Frequent question: What is the penalty for drug trafficking in Vietnam?

What is the punishment for drugs in Vietnam?

Drug Laws in Vietnam

Under the Vietnamese penal code, a person caught in possession of even a small amount of heroin can be sentenced to death. There are over two dozen foreigners currently serving life sentences or facing the death penalty for drug trafficking offences.

What crimes get the death penalty in Vietnam?

According to the 2015 Criminal Code, death sentence is a special sentence imposed upon people committing extremely serious crimes that infringe national security, human life, drug-related crimes, corruption-related crimes, and some other extremely serious crimes defined by this Code (Article 40.1).

What is punishment for drug trafficking?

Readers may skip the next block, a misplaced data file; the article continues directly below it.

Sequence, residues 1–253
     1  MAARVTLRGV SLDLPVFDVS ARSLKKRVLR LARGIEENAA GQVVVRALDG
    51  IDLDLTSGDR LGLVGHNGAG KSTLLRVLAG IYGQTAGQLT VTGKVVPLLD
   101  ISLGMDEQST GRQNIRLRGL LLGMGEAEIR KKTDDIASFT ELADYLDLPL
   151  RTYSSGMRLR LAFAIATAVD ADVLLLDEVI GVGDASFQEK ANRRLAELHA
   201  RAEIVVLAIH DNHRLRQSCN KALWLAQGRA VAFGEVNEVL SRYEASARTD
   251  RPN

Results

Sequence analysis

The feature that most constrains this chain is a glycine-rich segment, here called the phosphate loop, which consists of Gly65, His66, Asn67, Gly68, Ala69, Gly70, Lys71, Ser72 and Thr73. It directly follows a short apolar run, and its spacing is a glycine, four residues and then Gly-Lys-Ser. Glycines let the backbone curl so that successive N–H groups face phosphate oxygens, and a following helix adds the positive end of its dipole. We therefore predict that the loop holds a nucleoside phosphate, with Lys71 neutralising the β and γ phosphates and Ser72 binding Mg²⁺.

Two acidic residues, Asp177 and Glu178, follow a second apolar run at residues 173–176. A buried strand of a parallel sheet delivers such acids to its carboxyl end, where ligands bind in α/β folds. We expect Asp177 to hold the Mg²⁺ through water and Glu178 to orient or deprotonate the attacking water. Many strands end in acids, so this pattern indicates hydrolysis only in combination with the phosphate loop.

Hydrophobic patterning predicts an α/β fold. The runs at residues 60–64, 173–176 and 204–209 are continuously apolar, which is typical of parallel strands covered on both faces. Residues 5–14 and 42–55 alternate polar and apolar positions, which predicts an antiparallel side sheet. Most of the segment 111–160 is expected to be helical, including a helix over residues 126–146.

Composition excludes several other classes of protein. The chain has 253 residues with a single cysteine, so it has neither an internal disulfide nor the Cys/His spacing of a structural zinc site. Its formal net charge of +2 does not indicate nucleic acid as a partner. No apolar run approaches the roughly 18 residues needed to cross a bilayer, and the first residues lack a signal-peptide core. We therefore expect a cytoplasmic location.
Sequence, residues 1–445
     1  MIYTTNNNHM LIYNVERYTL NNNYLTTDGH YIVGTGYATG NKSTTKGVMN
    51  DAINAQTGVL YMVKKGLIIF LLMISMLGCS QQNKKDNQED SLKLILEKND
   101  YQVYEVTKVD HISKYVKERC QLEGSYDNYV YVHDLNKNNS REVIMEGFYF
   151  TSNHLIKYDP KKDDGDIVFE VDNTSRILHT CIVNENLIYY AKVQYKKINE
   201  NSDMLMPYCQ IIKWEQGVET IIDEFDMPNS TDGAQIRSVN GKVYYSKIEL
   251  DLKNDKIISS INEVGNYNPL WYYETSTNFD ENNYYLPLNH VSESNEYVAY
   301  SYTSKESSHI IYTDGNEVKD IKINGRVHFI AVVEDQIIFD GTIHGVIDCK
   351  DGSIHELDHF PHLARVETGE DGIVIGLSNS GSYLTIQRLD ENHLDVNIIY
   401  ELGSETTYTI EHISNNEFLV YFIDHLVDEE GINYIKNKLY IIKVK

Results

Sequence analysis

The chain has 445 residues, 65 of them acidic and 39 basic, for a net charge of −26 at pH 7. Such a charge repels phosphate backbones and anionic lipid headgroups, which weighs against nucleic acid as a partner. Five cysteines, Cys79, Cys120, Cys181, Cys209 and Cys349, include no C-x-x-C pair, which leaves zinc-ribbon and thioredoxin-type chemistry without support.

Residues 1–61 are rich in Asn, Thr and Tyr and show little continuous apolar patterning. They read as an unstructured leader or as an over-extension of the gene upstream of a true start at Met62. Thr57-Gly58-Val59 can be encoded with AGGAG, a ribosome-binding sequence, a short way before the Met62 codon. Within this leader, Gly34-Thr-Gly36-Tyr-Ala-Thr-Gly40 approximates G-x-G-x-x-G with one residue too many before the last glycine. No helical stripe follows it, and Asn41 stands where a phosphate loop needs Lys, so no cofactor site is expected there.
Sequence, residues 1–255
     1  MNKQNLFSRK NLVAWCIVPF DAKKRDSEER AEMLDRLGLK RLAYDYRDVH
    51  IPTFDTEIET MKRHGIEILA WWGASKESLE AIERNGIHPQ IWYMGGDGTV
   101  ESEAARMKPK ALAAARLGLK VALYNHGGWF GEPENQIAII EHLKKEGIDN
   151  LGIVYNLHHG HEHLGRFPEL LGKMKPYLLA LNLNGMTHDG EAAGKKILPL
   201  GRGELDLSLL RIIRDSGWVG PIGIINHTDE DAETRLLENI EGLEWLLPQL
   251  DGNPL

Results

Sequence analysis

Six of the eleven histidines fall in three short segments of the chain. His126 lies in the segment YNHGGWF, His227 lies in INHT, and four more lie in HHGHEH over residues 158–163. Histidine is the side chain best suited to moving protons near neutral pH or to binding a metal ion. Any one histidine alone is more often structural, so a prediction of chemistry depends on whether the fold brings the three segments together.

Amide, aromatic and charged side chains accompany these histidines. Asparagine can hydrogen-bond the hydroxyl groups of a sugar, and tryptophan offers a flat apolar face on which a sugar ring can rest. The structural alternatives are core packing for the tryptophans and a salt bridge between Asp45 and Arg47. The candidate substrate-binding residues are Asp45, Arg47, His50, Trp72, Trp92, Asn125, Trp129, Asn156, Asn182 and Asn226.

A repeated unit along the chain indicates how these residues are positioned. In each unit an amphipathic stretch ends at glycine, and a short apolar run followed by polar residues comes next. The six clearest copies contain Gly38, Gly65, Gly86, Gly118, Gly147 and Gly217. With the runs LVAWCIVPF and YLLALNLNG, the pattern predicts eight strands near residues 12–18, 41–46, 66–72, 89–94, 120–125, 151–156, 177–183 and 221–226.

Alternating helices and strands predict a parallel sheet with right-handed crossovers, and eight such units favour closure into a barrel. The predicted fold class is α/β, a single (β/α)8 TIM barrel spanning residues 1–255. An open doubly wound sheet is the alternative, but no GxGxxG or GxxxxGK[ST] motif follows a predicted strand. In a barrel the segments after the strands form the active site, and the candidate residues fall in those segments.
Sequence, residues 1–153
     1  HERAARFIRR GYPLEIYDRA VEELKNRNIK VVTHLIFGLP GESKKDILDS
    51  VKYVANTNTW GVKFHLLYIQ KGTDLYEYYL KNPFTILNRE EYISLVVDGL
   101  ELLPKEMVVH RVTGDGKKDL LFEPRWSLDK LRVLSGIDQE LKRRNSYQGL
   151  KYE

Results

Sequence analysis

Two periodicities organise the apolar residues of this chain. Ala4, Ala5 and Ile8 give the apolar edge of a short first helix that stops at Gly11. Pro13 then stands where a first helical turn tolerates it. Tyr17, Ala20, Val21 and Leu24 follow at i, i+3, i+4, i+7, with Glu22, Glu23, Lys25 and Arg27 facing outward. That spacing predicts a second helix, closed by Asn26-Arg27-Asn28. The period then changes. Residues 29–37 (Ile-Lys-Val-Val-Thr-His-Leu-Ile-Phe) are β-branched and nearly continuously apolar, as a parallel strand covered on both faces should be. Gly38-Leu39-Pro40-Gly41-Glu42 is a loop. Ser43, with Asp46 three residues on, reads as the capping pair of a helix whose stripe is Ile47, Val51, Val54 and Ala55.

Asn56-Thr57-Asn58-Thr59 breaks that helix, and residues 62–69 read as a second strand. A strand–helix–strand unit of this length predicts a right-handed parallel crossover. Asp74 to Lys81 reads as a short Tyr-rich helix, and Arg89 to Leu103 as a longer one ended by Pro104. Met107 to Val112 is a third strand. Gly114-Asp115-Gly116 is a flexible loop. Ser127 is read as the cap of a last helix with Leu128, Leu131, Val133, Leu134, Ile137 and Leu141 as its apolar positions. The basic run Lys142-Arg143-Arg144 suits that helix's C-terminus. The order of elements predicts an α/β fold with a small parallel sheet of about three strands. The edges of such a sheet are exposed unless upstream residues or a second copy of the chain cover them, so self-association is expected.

More than small quantity but less than commercial quantity of drugs the punishment is 10 years rigorous imprisonment or fine of Rs. 1,00,000 or both and for commercial quantity of drugs the punishment is 10-20years rigorous imprisonment or fine of Rs. 2,00,000 or both.

How Vietnam carry out the death penalty?

In Vietnam, 18 crimes including rape, murder and corruption can lead to the death penalty. The country switched from execution by a firing squad to the administration of lethal injections in 2011.

What is not allowed in Vietnam?

What is Illegal in Vietnam? Some things that are illegal in Vietnam include Gambling, Prostitution, Drug Use and Distribution, and Pornography. Vietnamese law is built based on the long-standing culture and the characteristics of the local Vietnamese lifestyle.

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Is death penalty legal in Vietnam?

Capital punishment is a legal penalty in Vietnam for a variety of crimes.

How many people does Vietnam execute?

Countries with the Most Confirmed Executions in 2018

Country Number
China 1,000s *see above
Iran 253+
Saudi Arabia 149
Vietnam 85+

Is the firing squad painful?

Dunn (2017): “In addition to being near instant, death by shooting may also be comparatively painless. […] And historically, the firing squad has yielded significantly fewer botched executions.”